Other Black-owned nightlife businesses have created a niche and understand how to maintain an ongoing relationship with the community and public officials. The Velvet Lounge, located in the South Loop area, carries the rich tradition of ownership in an area that has drastically changed from its days when The Cotton Club and Mr. Ricky’s once dominated as the only Black nightclubs in the neighborhood.
“I feel there are certain areas of the city that do not want Black nightlife. I cannot say there is discrimination with the process of obtaining a liquor license. I’ve had three liquor licenses in my name in the South Loop. Some residents give African Americans a harder time when it comes to obtaining a liquor license. For example, when I applied for one of my licenses; the residents upstairs from my establishment started to write to the liquor commission after they saw me. They had never been inside my place, talked to me about what the concept was or who would be coming,” said Kenny Johnson, owner of The Velvet Lounge.
He added, “They wrote the Liquor Commission a list of things they thought I would be doing like ‘gang banging,’ urinating on sidewalks, selling drugs, etc.” Johnson said a neighbor told him his business would have a deleterious effect but moved above an existing business with a liquor license prior to his arrival.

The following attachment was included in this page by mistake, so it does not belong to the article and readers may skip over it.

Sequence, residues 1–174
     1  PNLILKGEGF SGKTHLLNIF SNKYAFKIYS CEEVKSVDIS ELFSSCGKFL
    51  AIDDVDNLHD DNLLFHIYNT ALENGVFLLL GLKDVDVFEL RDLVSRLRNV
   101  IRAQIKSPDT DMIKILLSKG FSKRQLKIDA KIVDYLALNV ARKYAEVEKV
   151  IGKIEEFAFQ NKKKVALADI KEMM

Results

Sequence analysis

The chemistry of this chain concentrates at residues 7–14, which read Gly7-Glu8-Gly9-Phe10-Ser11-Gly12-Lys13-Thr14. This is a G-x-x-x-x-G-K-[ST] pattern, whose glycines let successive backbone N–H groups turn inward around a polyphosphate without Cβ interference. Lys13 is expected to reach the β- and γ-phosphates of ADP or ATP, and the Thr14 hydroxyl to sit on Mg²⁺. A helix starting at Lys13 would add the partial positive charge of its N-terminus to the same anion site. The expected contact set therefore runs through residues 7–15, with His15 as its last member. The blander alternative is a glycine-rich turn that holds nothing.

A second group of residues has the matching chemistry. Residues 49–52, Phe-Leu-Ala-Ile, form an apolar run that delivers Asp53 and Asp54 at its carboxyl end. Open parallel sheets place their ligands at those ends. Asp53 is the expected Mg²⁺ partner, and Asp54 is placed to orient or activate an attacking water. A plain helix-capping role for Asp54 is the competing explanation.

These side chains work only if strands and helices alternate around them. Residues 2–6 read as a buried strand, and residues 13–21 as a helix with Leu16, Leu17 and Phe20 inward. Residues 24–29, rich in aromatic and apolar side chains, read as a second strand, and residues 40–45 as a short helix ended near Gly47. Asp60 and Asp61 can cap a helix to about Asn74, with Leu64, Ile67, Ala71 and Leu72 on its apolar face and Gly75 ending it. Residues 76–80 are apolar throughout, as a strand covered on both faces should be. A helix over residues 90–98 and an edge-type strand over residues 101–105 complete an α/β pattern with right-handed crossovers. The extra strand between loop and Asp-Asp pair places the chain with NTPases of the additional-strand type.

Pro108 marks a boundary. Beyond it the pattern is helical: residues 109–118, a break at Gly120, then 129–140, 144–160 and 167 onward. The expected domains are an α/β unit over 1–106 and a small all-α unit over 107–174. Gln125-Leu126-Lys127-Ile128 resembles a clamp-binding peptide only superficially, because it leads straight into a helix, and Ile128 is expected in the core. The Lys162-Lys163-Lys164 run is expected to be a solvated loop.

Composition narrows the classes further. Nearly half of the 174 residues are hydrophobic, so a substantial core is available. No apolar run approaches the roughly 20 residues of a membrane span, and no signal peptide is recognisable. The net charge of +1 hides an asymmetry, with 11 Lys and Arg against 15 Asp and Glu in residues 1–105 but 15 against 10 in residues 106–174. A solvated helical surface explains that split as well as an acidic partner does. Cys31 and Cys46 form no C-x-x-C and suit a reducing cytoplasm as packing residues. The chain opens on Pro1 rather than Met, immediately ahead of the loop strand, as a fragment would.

The Riff Music Lounge located at 2239 S. Michigan Ave. was a victim of an isolated incident of crime, recently being closed for 60 days when a club patron was killed and another man wounded. Alderman Pat Dowell (3rd Ward) is currently working with the business owners to educate them on the correct licenses and permits to operate. Although, the Riff is not Black- owned, a great deal of their patrons are African American.
“If you want to own a tavern or club, my recommendation is to be upfront with the elected officials and the city about the type of business you would like to have so that we can work with you to help make the business successful,” said Alderman Dowell “In 2008, there was a promoter ordinance that the City Council was working on, but it didn’t get anywhere. Currently, Alderman Brendan Reilly is working on an ordinance that is designed for business owners as opposed to event promoters; it’s centered on accountability. I’m working with him on it,” Dowell added.